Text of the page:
Japanese Anemone, (unknown variety) flowers are attractive to many species of hoverflies and honeybees.

Erysimum ‘Bowle’s Mauve’ has been a star flower in the garden for months now, but doesn’t seem to be as popular with insects as I’d expected from the reports I’d read. Perhaps just now in July, other flowers have greater appeal.

Blue and white borage, Borago officinalis, flowers are always a hit with bumblebees, honeybees and hoverflies as soon as they open. We let seedlings develop around the garden, and they rarely dominate. Are they in the same group of plants as potatoes and tomatoes, with anthers with pollen in a tube?

Loaded with orange pollen, another bumblebee visits an unknown geranium.

The few bumblebees around in the garden in early July do seem to visit some of the gap filling geraniums, like this G.x oxonianum f. thurstonianum which we grow in several parts of the garden.

Native Self-heal, Prunella vulgaris, which we allow to seed throughout the garden including our lawns, is a very popular flower with hoverflies and other insects, but rarely flowers for long as a result.

Bumblebee on Self-heal, Prunella vulgaris.

Moth nectaring on Self-Heal, Prunella vulgaris.

The Cornflower, Centaurea dealbata, is popular with hover flies and solitary mining bees.

The first of a few Dahlia tubers added to the garden in autumn 2011, the species Dahlia merckii starts to flower in late June, but this was the first insect visit of a hoverfly which I recorded to a very wet flower in early July 2012. Over the years since, I’ve grown many more D. merckii from seed and it’s one of the most favoured flowers for bumblebees and honeybees, continuing until frosts cut it down, and even better the tubers overwinter in the ground here, without lifting.

Starting to flower in mid-July, Francoa sonchifolia went on to flower for weeks in 2012, and was one of the most popular flowers in the garden for flies, honeybees and bumblebees. This image was taken early in its flowering period.

We now grow a few forms of Sidalcea malviflora, which have a fairly short flowering season, but flower at a useful time in early to mid July, before the knapweed begins. Honeybees certainly visit the flowers.

Eryngium alpinum was bought as a packet of seed from the RHS seed exchange and it’s proved to be a wonderfully popular flower for bumblebees, and in some years, honeybees and butterflies, growing in the gravel of the yard, and even coping with part shade.

Fuchsia magellanica, (‘Duchy of Cornwall’ seedling), has been bulked up through cuttings and is a popular flower for small bumblebees and honeybees. It survives the winter most years, and is really valuable as a flower which the bees can visit in wet weather.

Persicaria amplexicaulis/affinis, in a couple of named forms (‘Firetail’ and ‘Darjeeling Red’) and self seeded plants, are exceptional nectar plants. Beginning to flower in early July, they’ll continue up to the first frosts, with occasional dead heading, and are always the first flower which bees visit really early in the morning, and in rain, or in cold weather. Bumblebees, honeybees and wasps all fall under its spell. The bee and wasp above were photographed on a cool and foggy July 8th 2021 at 6.40 a.m.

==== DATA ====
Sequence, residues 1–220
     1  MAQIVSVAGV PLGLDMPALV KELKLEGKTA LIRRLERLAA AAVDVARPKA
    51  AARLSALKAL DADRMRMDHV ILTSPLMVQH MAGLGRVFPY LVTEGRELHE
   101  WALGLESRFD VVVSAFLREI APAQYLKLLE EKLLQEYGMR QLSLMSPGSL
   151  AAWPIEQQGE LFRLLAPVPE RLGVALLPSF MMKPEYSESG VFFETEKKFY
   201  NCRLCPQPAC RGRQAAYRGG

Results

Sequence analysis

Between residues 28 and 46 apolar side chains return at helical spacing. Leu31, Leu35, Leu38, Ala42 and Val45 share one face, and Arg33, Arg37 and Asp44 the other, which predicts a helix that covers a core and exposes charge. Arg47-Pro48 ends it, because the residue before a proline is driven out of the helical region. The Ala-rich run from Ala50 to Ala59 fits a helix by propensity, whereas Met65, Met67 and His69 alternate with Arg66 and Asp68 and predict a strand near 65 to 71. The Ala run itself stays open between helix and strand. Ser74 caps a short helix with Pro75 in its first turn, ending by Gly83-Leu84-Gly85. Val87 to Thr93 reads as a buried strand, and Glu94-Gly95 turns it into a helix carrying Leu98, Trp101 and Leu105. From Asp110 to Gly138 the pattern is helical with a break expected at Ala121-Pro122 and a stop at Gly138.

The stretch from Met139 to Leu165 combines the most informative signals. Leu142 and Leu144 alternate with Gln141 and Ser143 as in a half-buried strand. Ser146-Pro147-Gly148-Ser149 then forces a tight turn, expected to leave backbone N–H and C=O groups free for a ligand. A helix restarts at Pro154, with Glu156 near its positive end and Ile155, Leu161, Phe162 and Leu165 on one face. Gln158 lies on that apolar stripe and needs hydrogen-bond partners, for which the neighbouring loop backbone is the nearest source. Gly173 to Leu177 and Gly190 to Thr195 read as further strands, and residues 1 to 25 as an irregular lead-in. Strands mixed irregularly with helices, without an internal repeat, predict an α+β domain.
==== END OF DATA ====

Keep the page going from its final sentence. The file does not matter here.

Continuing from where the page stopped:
Last updated  08 07 2021

3 thoughts on “Favourite Insect Friendly Flowers and Plants – July

  1. I am writing on book on garden insects, “The Life in Our Garden”, to be published in September of this year by Tilbury Press. Most of the photos in this book will be my own, but I need a photo of a bumblebee nectaring on a penstemon flower. I found your beautiful photos on the Internet and wonder, would you grant me permission to use the bumblebee-penstemon photos I would credit you, of course, and I am willing to pay a one-time use fee, if you like.

    • Hello Reeser,
      Thanks for the comment. I’d be happy for you to use the photo, if you included my name and the source, i.e. http://www.thegardenimpressionists.com and instead of a fee, how about a signed proof copy of the book …. if you think that’s not too cheeky … Good luck with getting it finished anyway, and I hope that it’s a great success. I’m sure that it will have been a huge labour of love, if most of the photos are your own, knowing how long it takes to get good images of insects on flowers!!
      BTW as luck would have it 2 hours ago we were standing in our garden with a couple of Beeb recce men, from Gardeners World, and I mentioned moth in snowdrop images… (which is how I got started on my blog – are snowdrops thermogenic, was what I asked myself) since I’d seen , and photographed Hebrew Character moths inside them. Were they just sheltering for warmth, or were they pollinating… I couldn’t find anything else about moth images inside snowdrops, and the Beeb men had no knowledge of this, so how about weedling that into your book as well???
      Here’s the link…

      Best wishes